Albert Meijer Redacteur
Bart Peters

Being gay in a refugee center

Lewis* was a public figure in a republic in the Caribbean. Neatly clad in suite and tie, he was often seen on television as the right-hand-man and spokesperson for the prime minister. Beneath that suit, Lewis hid his tattoos – one of which is his ex. It’s only in the safety of his home, and on business trips that Lewis can be completely himself: Lewis is gay. 

One election later, and Lewis’ world is turned upside down. The new prime minister doesn’t trust him, and blackmails him into handing in his resignation by threatening to leak shared emails between him and his ex-boyfriend. Lewis resigns from his position, but a few days later, the emails are leaked to the media. He becomes an object of mockery and hostility which threaten his safety, and he decides to seek refuge in the Netherlands.


36 years old
Lives in the refugee center Delfzijl
From a small republic in the Caribbean
Has been in the Netherlands 5 months
Has just received his residency status

Lewis’ story is extraordinary but not unique. Five different LGBT immigrants are sharing a dinner, each from a different country, and each with their own story. They are regulars at a monthly refugee meeting initiated by COC Groningen & Drenthe. Some have just arrived in the Netherlands, some have been here for many years. We eat, drink and we make plans to go to the gay party ‘Flirt!’, from which we’d received free tickets. With their heart on their sleeve, they talk about their dreams, love, life in a refugee center and life afterwards.

Priscilla: “When I was still living in the camp, I had a girlfriend. One night, when I thought that the whole camp was asleep, she kissed me. We were seen by a man from Afghanistan who was standing on his balcony for a smoke. He berated us in his own language and from then on, looked at me as if I was an animal.”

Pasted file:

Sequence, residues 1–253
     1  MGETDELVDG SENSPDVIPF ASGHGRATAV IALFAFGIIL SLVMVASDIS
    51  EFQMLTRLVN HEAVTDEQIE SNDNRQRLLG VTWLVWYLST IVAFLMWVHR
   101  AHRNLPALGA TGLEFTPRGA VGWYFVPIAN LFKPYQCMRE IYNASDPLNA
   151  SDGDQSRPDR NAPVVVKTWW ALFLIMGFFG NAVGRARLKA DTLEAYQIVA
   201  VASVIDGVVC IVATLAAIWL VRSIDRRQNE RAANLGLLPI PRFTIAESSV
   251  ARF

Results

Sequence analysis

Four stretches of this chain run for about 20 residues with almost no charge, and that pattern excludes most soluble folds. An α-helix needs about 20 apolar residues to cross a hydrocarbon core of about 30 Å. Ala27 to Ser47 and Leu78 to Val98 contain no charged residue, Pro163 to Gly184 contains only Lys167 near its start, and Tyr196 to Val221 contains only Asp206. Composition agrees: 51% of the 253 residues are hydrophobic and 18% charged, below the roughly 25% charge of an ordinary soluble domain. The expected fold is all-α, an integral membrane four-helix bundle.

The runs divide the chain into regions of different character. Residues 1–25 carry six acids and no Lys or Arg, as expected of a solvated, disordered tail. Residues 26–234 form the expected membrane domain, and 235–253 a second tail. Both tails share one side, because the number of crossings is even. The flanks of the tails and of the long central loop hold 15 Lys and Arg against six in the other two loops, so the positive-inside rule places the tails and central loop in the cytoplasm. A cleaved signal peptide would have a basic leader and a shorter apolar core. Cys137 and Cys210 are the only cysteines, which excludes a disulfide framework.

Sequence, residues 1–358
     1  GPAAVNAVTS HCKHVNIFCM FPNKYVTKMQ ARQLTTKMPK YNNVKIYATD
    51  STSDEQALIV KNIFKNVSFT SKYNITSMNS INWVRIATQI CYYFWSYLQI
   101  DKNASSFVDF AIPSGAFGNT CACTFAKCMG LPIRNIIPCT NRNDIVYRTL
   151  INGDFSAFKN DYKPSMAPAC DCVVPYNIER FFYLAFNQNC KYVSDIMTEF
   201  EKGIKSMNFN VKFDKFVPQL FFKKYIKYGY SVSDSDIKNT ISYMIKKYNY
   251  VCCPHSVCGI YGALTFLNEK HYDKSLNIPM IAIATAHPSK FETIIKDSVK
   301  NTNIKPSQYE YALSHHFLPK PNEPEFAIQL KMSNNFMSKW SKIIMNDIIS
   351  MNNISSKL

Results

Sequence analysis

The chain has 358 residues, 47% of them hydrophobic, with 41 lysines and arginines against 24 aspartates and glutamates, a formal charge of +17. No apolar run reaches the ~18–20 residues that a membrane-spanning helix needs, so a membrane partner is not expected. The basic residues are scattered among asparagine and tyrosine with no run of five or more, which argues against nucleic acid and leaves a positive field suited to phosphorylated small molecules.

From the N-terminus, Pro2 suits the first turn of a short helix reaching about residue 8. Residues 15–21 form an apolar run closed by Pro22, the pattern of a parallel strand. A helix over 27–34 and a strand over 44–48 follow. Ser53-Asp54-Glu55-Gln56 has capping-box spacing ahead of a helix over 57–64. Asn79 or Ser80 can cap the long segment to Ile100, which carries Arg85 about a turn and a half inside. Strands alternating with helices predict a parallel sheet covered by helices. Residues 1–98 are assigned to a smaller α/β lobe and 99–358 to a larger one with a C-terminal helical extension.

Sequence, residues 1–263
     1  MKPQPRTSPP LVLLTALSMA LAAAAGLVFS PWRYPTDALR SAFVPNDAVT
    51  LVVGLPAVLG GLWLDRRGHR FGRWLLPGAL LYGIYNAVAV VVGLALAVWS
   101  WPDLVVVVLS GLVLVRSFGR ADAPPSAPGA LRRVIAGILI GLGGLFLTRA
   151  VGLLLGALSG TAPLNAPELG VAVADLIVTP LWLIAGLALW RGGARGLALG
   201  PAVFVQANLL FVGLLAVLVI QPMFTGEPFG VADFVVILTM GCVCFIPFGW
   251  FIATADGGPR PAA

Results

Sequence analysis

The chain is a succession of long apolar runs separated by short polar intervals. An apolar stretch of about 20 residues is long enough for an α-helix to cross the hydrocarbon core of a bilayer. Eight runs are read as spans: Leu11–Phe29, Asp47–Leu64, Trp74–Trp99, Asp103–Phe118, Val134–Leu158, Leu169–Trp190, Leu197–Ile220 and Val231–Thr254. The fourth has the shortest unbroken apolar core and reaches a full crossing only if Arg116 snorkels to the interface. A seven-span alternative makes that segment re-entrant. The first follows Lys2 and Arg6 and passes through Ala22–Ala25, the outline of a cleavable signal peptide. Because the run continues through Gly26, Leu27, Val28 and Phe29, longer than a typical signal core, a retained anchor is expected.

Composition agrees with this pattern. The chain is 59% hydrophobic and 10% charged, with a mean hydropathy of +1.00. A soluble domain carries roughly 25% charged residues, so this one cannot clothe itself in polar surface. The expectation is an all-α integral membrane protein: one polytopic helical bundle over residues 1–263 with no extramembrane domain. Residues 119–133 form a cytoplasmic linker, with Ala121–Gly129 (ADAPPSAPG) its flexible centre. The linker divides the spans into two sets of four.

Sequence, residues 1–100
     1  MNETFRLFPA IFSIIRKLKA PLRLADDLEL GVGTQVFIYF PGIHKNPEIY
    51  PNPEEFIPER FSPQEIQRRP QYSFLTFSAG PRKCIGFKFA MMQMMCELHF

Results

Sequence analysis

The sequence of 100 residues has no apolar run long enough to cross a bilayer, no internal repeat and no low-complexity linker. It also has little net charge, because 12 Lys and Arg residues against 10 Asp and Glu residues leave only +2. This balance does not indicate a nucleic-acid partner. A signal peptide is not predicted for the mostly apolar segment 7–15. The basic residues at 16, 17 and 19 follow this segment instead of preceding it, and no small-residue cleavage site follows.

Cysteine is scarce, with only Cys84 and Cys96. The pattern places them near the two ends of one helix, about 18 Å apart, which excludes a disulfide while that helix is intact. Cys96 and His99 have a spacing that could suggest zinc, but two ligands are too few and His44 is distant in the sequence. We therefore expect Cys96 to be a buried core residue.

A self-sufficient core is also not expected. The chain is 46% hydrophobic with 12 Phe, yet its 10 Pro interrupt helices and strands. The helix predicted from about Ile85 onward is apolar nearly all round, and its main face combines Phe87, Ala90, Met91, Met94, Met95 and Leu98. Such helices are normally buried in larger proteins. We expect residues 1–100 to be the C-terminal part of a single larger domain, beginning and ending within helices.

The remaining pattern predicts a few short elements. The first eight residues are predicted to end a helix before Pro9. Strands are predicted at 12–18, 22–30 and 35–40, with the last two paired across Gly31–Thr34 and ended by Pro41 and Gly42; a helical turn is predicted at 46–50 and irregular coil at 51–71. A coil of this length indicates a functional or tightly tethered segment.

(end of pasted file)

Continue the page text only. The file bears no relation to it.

25 years old
Lives in Glimmen
From Burundi
Has been in the Netherlands for 8 years
Still doesn’t have a permanent residency status

Arash: “You can’t be gay in a refugee center. It’s a miniature version of the Middle East – I lived amongst the same people I was taking refuge from! I’m a big supporter of educating those living in refugee centers, so that newcomers are immediately expected to adapt to Western norms and values. The COA and COC still have a lot of work to do in this regard.”

Kunta: “But it is changing – it wasn’t even talked about ten years ago.”

Lewis: “The COA has advised me to keep my sexual orientation to myself, which can sometimes be a challenge. There’s a guy from Iran in my refugee center. He’s very attractive, but straight and a devout Muslim. He invited me to his home once, and took his shirt off to show me his muscles. I was quick to give any excuse to leave!"



31 years old
Lives in Groningen
From Guinea
Has lived in the Netherlands 15 years
Has a permanent residency status

Love and sexuality are often reasons to come to the Netherlands, and everyone is preoccupied with it in their own way. Kunta has an open relationship, Priscilla describes her love life as ‘complicated’, and Adaobi had recently become romantically engaged with a girl she regularly called throughout the evening. Adaobi: “But I have to wait and see if it’ll turn into something serious. I don’t really know her well enough yet. Kunta: “I don’t want a Dutch man. When you talk to them it’s like it’s an interview, it’s awkward.”

Arash: “I find it difficult to see if someone’s remotely interested in me, here.”

Priscilla: “I have that too. I was at a party for lesbians, and I struck up a conversation with someone who was washing her hands in the washroom. We danced all night. When the party was over she told me that she was dating another man, the DJ at that party. She even introduced me to him! I thought: you cockblocker! It’s happened more often than once; I attract girls who have boyfriends."